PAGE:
The Ebb and Flow of Everyday Contacts: Forging Literary Communities in Early Modern Panjab by Dr. Purnima Dhavan (University of Washington)
14 September 2017, 4 p.m. | C.K. Choi Building Room 120
Texts in Punjabi have for much of its history been written in multiple scripts and engaged deeply with myriad textual, aural, and oral communities. The words and letters of literary agents in 17th century Punjab, this lecture argues, actively shaped communities and networks, pointing to the boundaries some wished to enforce, and the boundaries that others transgressed. Join Purnima Dhavan, Associate Professor, UW Seattle, for an interesting information session on the literary communities in early modern Punjab.
Thursday, November 3:
Islam and empire in India: The padshah’s sacred authority and religious pluralism in Mughal times
CEIAS (Le Centre d’Études de l’Inde et de l’Asie du Sud)
CNRS-EHESS (L’Ecole Des Hautes Etudes en Sciences Sociales)
Sponsored by the Peter Wall Institute for Advanced Studies/French Consulate French Scholar Speaker Series & the Department of Asian Studies
4 – 5 p.m.
Lecture in UBC Asian Centre Auditorium
5 – 6 p.m.
Reception in lobby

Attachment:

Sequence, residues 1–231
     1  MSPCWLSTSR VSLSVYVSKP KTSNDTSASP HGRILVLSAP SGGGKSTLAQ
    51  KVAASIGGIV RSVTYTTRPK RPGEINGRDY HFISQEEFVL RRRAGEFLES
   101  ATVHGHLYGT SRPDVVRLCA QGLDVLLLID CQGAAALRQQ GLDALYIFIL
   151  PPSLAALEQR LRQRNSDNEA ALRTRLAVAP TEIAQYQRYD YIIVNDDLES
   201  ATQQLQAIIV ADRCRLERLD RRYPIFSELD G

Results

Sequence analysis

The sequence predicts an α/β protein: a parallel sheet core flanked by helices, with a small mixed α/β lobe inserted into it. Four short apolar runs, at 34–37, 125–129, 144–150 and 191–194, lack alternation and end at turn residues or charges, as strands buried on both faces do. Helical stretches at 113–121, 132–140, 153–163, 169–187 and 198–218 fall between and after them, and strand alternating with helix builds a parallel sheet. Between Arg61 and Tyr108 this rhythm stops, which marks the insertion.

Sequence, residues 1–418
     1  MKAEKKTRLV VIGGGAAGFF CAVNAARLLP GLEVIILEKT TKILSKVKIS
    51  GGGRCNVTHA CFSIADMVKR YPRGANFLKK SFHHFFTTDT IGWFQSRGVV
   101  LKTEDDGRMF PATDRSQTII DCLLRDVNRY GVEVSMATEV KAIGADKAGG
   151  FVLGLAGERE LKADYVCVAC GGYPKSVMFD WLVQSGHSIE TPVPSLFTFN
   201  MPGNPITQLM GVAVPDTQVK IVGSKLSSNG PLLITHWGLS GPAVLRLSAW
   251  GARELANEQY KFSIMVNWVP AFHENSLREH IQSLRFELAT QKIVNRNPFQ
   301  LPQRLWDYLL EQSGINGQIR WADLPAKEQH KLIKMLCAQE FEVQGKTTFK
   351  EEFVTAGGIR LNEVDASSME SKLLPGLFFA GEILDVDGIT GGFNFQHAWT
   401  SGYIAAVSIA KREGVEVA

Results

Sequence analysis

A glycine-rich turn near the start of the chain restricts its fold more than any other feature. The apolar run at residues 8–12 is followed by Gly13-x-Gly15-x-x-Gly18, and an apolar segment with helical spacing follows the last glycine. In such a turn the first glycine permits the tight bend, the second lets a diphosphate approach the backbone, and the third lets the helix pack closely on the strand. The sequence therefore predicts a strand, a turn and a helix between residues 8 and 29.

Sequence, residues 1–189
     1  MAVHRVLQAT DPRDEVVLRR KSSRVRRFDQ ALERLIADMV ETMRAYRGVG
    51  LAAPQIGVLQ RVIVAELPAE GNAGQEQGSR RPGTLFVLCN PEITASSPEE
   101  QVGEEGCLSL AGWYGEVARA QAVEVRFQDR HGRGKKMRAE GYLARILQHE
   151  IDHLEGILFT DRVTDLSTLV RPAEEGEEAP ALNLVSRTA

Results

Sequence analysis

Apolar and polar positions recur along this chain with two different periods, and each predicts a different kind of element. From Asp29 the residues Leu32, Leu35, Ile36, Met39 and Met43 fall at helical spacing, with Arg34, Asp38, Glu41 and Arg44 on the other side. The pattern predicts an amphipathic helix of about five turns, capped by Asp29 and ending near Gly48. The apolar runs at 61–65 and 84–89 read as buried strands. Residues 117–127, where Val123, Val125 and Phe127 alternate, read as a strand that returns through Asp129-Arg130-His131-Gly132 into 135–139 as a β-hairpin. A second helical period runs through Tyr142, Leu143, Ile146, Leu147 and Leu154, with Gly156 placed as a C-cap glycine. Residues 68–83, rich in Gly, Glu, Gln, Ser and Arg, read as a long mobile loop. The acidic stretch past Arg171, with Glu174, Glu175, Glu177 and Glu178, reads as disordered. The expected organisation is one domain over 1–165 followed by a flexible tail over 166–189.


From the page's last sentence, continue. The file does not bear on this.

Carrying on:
UBC Asian Centre, 1871 West Mall, UBC Point Grey Campus
Wednesday 5 October 2016
The Poetics of Fragility,
By Nicolás Grandi & Lata Mani
A Transmedia Project 2016
5-6:30 p.m.: Film with introduction/discussion
at Green College Coach House
Dinner at Green College, 6:30-7:30 (with purchase of a meal ticket)
After dinner “Fireside chat” with the filmmakers at Green College Piano Lounge
The Poetics of Fragility, Nicolás Grandi & Lata Mani, A Transmedia Project 2016
Film Artist Book Website —- English Español
The Poetics of Fragility (HD 63 minutes) is a kaleidoscopic exploration of the texture, vitality and aesthetics of fragility. It interweaves stories of bodily frailty with optical vignettes of nature’s delicacy to reclaim fragility as intrinsic to existence, not something to be bemoaned or overcome.
Shot in the San Francisco Bay Area in September 2015, the film features internationally renowned scholar-activist Angela Davis, the acclaimed playwright and critic Cherrie Moraga, Nora Cortiñas, the inspiring founding member of Madres de Plaza de Mayo Linea Fundadora, actor-dancer Greg Manalo, feminist performance artists Thao P. Nguyen and Martha Rynberg, theater scholar Jisha Menon, healer Christopher Miles, creative writer Xochitl M. Perales and the young trombone talent, Jasim Perales.
The Poetics of Fragility is conceived as a “videocontemplation;” a form that Nicolás Grandi and Lata Mani have been developing to explore the audiovisual medium as a sensuous tool for social inquiry with a philosophical impulse. The visually arresting and formally plural film unfolds through stories that build on and amplify each other. Moments of emotional intensity alternate with speculative calm, dramatic narration with poetry and critical inquiry into prevailing understandings of fragility.